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John Lawrence: I grew up in Tulsa and live in Japan. Masks have been keeping me safe for years, and they can do the same for Oklahoma

John Lawrence: I grew up in Tulsa and live in Japan. Masks have been keeping me safe for years, and they can do the same for Oklahoma

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JohnLawrence

John Lawrence

As the confirmed case numbers of COVID-19 in the U.S. shoot past 3 million and deaths related to the virus continue to rise, I have looked on in dismay as a simple, but very effective tool in our arsenal to combat its spread has become a political punching bag.

I am a native Tulsan living in Japan. I may live abroad, but I still care deeply about what goes on in my hometown. I made my way over here while a student at the University of Oklahoma and have adapted to this country.

Among the many changes I have had to make is wearing a face covering when circumstances call for it. Masks in Japan usually come out during cold and flu season. After initial resistance on my part, I have found them to be the most effective method of preventing the spread of disease available, especially on the crowded streets and public transport here.

Two winters ago, I was standing on a very crowded commuter train next to a visibly ill person who succumbed to a harsh fit of coughing and sneezing. We were both wearing face masks, and I did not get sick, despite him being less than a six inches from me. I strongly believe that, without the protection of masks, I and others in the train car would have caught whatever bug he had.

Masks do not infringe on your freedom. Masks do not impede breathing. Masks do not admit or expose weakness. Masks do not make you less of a person. Masks simply show that you care enough about your fellow citizens that you are willing to cover up a little while in close contact with them.

It’s generally agreed that the most pernicious part of COVID-19 is that you can be asymptomatic or infectious in a pre-symptomatic state for days, even weeks. You may feel fine and show no outward signs of illness. In that time, without your knowledge, you could be spreading the virus, and the person you contact could be someone who has a precondition, which gives the virus a fatal foothold. Against that background, it’s not too far-fetched to feel that refusing to wear a mask is tantamount to manslaughter.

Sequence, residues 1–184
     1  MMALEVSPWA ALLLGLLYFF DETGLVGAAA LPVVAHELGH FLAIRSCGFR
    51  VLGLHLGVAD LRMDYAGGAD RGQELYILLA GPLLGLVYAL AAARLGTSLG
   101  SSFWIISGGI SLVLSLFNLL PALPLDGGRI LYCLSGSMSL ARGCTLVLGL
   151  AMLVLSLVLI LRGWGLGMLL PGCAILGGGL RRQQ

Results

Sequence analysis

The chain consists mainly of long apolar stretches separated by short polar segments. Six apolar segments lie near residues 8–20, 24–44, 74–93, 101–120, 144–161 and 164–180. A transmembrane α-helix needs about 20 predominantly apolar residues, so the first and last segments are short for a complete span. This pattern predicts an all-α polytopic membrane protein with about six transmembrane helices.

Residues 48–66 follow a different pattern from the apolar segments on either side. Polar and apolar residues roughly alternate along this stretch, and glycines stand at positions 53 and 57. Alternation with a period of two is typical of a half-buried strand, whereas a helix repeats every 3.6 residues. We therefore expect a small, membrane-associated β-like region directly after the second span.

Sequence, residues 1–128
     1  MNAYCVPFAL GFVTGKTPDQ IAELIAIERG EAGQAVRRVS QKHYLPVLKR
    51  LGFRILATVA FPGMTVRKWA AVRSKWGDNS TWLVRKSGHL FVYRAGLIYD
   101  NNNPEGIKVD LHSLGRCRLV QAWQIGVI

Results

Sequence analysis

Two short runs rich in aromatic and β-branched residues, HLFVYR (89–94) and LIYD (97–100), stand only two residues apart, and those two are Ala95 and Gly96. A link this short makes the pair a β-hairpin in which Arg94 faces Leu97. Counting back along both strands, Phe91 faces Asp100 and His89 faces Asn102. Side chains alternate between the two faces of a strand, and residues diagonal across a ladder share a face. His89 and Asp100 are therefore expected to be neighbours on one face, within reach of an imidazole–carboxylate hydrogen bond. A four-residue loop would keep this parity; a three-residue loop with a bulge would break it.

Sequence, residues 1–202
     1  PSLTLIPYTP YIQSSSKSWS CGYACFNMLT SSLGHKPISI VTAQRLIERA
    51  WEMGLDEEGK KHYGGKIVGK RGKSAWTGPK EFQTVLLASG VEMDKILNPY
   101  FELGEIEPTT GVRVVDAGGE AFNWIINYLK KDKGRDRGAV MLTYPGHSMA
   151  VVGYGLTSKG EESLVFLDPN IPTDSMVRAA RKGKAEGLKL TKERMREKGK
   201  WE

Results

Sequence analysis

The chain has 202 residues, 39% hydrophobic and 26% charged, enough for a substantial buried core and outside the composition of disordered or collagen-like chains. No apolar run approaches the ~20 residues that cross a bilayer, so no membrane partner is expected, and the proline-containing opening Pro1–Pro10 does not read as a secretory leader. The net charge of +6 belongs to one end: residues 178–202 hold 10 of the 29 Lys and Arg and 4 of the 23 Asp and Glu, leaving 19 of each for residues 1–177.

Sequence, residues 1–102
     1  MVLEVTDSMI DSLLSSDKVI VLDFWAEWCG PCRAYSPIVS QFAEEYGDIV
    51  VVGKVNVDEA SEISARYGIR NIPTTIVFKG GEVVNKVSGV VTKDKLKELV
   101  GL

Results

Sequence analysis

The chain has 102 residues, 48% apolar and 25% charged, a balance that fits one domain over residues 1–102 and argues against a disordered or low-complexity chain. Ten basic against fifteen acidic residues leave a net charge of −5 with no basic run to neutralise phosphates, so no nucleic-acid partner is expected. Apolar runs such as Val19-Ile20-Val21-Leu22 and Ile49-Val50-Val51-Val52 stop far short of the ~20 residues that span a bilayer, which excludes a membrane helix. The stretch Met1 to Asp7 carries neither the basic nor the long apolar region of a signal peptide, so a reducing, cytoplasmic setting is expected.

Japan has seen a rise in infections lately in association with the easing of the state of emergency here on May 25, but the scale is nothing like the U.S. has seen. On July 7, Japan, with a population of about 127 million recorded, 206 new COVID-19 infections. On the same day, Tulsa County recorded 261 new cases. The math here is not hard to figure out. If a mid-size county in Oklahoma can rack up 55 more COVID-19 cases than an entire nation, something’s off.

Mayor G.T. Bynum had it right when he said it was beyond him as to why masks have become a political tool. It’s beyond me, too.

Over here, we can go out. With due diligence, we can go to work, run errands and socialize in certain environments. People comply and wear masks, and we don’t feel it infringes on our personal freedoms. They are compulsory in many public settings, but we get that this is for the protection of everyone, not just ourselves.

I cannot reiterate this enough. Masks work, but it has to be a community effort. For the city, for the nation, wear them. It is the most patriotic act you can do. Stop making this a political statement and show some compassion. The life you save may be that of a loved one, a colleague or a friend.

John Lawrence is a native Tulsan who has lived for 30 years in Japan, where he works in the semiconductor engineering field.

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